Category: FET Condenser | Pattern: Cardioid
For this installment, we’re diving deep into the world of studio microphones, exploring the massive range of ribbon, condenser and dynamic options on the market for savvy producers, engineers and project studio enthusiasts.
Key Features: It would be impossible to do a microphone special and not talk about Neumann. The iconic German microphone Haus has been at the forefront of performance transducer design since the birth of recording. They are the preeminent icon in the space, a name so synonymous with electro-acoustic excellence, that it’s almost a forgone conclusion. While it would have been easy to go with the U-87’s Mt. Rushmore appeal or the ubiquitous ‘pro at home’ vibes of the TLM 103, we’ve decided to go with one of the unsung heroes of the Neumann lineage, the seldom mentioned but nonetheless incredibly versatile U-47 FET.
The U-47 FET was Neumann first attempt incorporating the various advancements in transistor technology into it’s already formidable line-up of large diaphragm condensers. The U-47 FET was a ‘transistor-ised’ update of the original all-tube U-47, itself already a classic by the time the first U-47 FET rolled around in 1969. The result was something with a completely different sonic character to its tube-based predecessor (and bore with it a completely different skillset).
While it didn’t share the same robust, big-budget beauty of it’s tube based namesake, it’s new FET circuitry made it particularly adept at picking up high SPL transient material, capturing the more explosive elements of the studio with a depth and quality that made it a standout for a rapidly changing recording climate. Under the hood, the capsule itself was still identical to that of the tube version and with that, the U-47 FET was still a more than serviceable vocal mic, but the incorporation of new FET circuitry opened it up to a whole host of new and interesting applications.
Production of the U47 FET continued until 1986 before ceasing until 2015 when Neumann decided to revive production of the underappreciated classic, using the updated schematics of the 1980 version as its primary source for the re-release. Since its inception, the FET U-47 has been a symbol of modern studio versatility, being just as at home in front of a drum kit as it is in front of a talented vocalist or string section.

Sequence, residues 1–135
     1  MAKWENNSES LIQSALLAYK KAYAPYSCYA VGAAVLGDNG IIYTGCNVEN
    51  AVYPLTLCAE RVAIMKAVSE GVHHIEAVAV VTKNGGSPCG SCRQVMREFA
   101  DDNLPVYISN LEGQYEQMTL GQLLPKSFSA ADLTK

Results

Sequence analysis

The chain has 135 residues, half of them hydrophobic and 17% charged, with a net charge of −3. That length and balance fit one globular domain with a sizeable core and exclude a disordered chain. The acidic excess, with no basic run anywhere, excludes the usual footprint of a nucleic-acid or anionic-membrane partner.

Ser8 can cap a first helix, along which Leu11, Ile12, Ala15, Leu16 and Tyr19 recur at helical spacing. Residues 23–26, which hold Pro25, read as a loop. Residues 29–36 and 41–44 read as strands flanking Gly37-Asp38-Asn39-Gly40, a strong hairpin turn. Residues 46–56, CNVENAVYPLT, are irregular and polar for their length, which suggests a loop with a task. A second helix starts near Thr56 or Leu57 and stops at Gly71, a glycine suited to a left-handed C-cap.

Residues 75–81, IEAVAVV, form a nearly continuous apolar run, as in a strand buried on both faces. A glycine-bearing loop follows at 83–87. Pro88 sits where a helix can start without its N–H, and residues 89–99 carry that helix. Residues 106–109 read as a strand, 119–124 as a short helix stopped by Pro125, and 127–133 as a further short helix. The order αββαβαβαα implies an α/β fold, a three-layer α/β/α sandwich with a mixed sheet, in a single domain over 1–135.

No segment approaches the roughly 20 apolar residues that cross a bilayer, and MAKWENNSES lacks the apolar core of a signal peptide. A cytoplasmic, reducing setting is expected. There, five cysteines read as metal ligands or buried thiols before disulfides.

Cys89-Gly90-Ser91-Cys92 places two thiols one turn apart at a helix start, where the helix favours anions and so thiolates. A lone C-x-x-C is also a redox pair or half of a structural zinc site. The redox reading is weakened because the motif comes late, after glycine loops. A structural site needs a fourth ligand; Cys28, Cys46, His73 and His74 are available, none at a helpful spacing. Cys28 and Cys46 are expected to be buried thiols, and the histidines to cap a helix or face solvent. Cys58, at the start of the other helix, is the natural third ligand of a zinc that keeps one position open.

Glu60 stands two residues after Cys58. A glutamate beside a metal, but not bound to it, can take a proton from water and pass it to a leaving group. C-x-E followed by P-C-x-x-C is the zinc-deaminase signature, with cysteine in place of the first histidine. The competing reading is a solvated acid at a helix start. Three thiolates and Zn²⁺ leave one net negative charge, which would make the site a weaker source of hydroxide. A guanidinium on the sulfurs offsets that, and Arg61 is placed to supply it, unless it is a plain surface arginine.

Mixdown Says: With an SPL tolerance of 137 dB (capable of tolerating 147 dB with the adjustable -10 dB pad engaged) and with it’s extended LF extension its not hard to see why the FET U-47 enjoys its reputation as the de facto front of kick microphone, adding a sense of instant professionalism to the overall kit sound. It’s quite simply the perfect ‘glue’ mic. Combine this with its ability to provide body and richness in that inimitable Neumann way, and you have an extremely versatile and serviceable workhorse, with just about the highest ceiling of any mic out there. The incorporation of the low cut switch found on the back of the iconic tubular steel chassis only further increases the versatility of this beloved mic.
A smooth frequency response curve with a boost in presence without any harsh brightness lends a velvety feel to recordings which bass and baritone singers will find flattering, and is very useful for treating any unwanted harshness in vocals or brass instruments. With a self-noise level of 18 dB, you won’t be reaching for the U-47 FET to record the whispering of the wind, but you won’t need to be overly cautious about noise at this end of your signal chain either. The FET U-47 can be put to great use on guitars, adding its slick, expensive sheen to both electric and acoustic sounds alike.
Overall: The U-47 FET is a legendary microphone, bringing that inimitable Neumann vibe to everything it touches and bringing it to sources you never thought needed it. Thankfully Neumann’s dedication to preserving the original design means that everyone can get their hands on this piece of musical history. Let’s hope they can do the same for the original U-47 as well.
Find out more about this long-standing studio icon here.